Next steps: Continue to watch the plants. Winter is far from over. In early spring we will prune the defoliated Nandina plants with cuts alternating in height. With Nandina, we want to encourage new growth from the roots, but we also want to try to encourage a bit of growth from the taller stems for height. We won’t make our cuts until the chance of a last hard freeze have past. Cutting now may stimulate new growth, which is very susceptible to freeze damage. Sadly, this means she has to look at the naked twigs for a few more weeks.

The good news: Well, besides the fact that everything is still alive, her dwarf conifers, evergreen Carex, brilliant Sedums, landscape stones and glass, and more are providing interest, structure and even fragrance in her winter spaces.

16 Comments

  1. Duston says:

    These are both very good tests to check if your plant is dead…we get a lot of the same questions and concerns that you mentioned here about whether or not our customer’s plants are alive.

  2. […] Nandina: I adore Nandina. For the most part, it’s a consistently beautiful evergreen shrub with multi-colored foliage, blooms and berries. Fortunately, it’s also a cane grower, so when it has a defoliation year like this one, cut it hard to the ground to encourage new growth from the base. Or, try a series of alternating cuts to nodes on existing canes that are alive. Odds are, it’ll sprout right out. […]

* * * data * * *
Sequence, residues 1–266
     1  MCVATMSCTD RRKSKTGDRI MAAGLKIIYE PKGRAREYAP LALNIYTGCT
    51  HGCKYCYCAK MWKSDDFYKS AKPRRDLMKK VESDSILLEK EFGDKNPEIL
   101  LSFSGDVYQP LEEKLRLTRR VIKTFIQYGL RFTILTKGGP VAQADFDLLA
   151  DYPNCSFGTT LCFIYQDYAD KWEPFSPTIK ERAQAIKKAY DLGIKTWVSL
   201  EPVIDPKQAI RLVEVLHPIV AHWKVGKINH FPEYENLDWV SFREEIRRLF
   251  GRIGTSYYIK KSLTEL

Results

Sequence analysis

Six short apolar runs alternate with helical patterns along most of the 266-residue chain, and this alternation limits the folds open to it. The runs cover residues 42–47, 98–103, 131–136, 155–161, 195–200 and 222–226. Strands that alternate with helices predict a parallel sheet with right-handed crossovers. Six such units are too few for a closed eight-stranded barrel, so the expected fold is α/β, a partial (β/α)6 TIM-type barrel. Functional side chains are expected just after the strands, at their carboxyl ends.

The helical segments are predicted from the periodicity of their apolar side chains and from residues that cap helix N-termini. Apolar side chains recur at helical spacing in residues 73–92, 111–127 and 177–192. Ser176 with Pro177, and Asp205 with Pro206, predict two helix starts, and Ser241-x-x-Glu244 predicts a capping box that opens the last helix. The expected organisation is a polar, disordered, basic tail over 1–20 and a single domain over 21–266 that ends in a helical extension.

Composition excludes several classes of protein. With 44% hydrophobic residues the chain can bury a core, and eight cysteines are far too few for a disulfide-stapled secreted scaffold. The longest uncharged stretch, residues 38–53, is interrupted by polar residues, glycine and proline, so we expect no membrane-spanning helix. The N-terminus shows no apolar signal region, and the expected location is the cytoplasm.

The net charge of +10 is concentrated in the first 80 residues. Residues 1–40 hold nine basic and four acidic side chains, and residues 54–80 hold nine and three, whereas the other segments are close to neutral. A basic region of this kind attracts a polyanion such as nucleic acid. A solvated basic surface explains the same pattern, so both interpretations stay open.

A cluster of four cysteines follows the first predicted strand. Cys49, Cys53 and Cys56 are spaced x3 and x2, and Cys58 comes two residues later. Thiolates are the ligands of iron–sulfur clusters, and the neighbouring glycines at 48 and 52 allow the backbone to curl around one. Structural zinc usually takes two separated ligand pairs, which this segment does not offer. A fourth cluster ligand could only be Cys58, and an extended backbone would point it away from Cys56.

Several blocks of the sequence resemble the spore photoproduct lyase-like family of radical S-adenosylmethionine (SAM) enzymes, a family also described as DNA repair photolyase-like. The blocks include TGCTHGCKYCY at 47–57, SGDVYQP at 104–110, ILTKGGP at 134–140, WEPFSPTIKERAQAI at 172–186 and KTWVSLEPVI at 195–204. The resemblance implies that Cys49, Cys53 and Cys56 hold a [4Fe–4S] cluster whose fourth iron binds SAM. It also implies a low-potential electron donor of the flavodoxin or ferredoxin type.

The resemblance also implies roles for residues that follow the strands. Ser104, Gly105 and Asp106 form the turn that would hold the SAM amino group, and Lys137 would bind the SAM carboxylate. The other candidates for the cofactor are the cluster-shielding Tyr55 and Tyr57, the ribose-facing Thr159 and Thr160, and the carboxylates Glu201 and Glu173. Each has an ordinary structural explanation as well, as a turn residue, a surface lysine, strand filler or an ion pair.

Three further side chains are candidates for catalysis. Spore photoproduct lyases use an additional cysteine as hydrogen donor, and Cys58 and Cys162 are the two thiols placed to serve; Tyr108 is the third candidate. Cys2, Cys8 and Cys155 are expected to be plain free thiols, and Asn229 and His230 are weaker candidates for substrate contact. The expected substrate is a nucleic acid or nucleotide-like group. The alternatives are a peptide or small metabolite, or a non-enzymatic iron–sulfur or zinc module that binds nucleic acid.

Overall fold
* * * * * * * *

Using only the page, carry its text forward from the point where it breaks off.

3. ann says:

    Would you answer my question? I just planted two Nandina Domesticas (about 4 feet tall) two weeks ago. I watered every day for the first week. Then we got a lot of heavy rain for about four days, so I have not watered for three days. One Nandina is losing leaves–about 25 – 40 leaves so far. Should I water or what? Everything else is still pretty wet as the temps are around 70 degrees or lower. Please help. Thanks